with a White Queen Pawn move, or if you load side B of the tape, a White King Pawn move. This is side A, so we have our first move. I can then translate this move onto the Chess
Titans board and we’re away. On the face of it, things were looking pretty
even, with both sides playing defensively. But then the game had to stop, and not because
someone won, but because of limitations in 1K chess. Although Titans is programmed with all the
chess rules, 1K doesn’t allow for pawn promotion, or castling. Therefore this pairing isn’t an ideal one. I could keep playing games until I get one
where Titans doesn’t attempt to castle, but I felt it was fairer (and easier) to find
a game which allows you to disable these elements. That game came in the form of an engine, known
as StockFish. It’s an open source engine and it packs one
hell of a punch. I mean, it’s the best chess engine out there,
and can easily beat human opponents. So as for our 1K chess, yeah, things are looking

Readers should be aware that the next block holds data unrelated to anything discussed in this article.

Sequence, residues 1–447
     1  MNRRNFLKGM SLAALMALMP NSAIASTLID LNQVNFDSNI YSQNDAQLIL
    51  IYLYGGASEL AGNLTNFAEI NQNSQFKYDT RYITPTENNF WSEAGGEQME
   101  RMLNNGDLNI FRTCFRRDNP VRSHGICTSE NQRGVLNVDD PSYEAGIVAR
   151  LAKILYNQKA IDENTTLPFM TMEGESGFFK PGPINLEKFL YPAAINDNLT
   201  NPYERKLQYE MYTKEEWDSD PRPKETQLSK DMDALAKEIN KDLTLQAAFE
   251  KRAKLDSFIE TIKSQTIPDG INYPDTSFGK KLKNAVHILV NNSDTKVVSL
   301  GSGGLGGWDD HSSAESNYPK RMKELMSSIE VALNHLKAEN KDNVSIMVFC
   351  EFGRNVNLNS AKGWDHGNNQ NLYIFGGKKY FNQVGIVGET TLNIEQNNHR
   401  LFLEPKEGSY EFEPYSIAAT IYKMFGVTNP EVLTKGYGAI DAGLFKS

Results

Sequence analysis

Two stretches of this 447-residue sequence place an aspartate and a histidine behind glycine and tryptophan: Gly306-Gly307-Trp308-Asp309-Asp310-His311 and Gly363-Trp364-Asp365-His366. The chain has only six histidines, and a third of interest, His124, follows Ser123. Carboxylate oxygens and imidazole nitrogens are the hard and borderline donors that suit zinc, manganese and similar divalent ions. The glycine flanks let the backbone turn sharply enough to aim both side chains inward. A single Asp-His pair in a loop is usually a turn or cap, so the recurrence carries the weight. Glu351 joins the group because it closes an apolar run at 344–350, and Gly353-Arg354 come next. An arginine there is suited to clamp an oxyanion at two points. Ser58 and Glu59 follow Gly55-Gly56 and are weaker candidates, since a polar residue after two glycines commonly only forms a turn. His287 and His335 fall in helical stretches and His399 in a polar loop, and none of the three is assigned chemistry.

a little grim. Here’s game one running on the Arena front
end, with Stockfish running as-is, out of the box, playing as if it were a 5 minute
tournament match. You can see the Stockfish calculations down
here, where-as 1K chess actually runs through its possible moves on the board, mainly to
conserve memory. The program is broken into a number of elements. We have an STR routine which scans the board
and finds which squares are occupied and by which colour, the Piece routine then creates
pointers to possible moves and then the Move & Pawn routines narrow that down into a legal
list. The Check routine scans for a possible check. Finally the Score routine scores each move
based on where it can take a piece, whether the current position of a piece is under attack,
whether the new position can be attacked, then whether a check is possible and finally
whether the original position is defended. Scores for each move are compared and added
to the scores for each chess piece, and the highest scoring move is made. It’s a pretty basic formula which doesn’t
offer much room for planning ahead, and so it doesn’t take long for 1K chess to be on
the backfoot, and out of the game. Game two is with Stockfish set on a much lower
skill level, and although things look promising for 1K chess to start with, that ends when
you realise that things weren’t actually looking promising to start with at all. So 1K chess is no match for this new engine,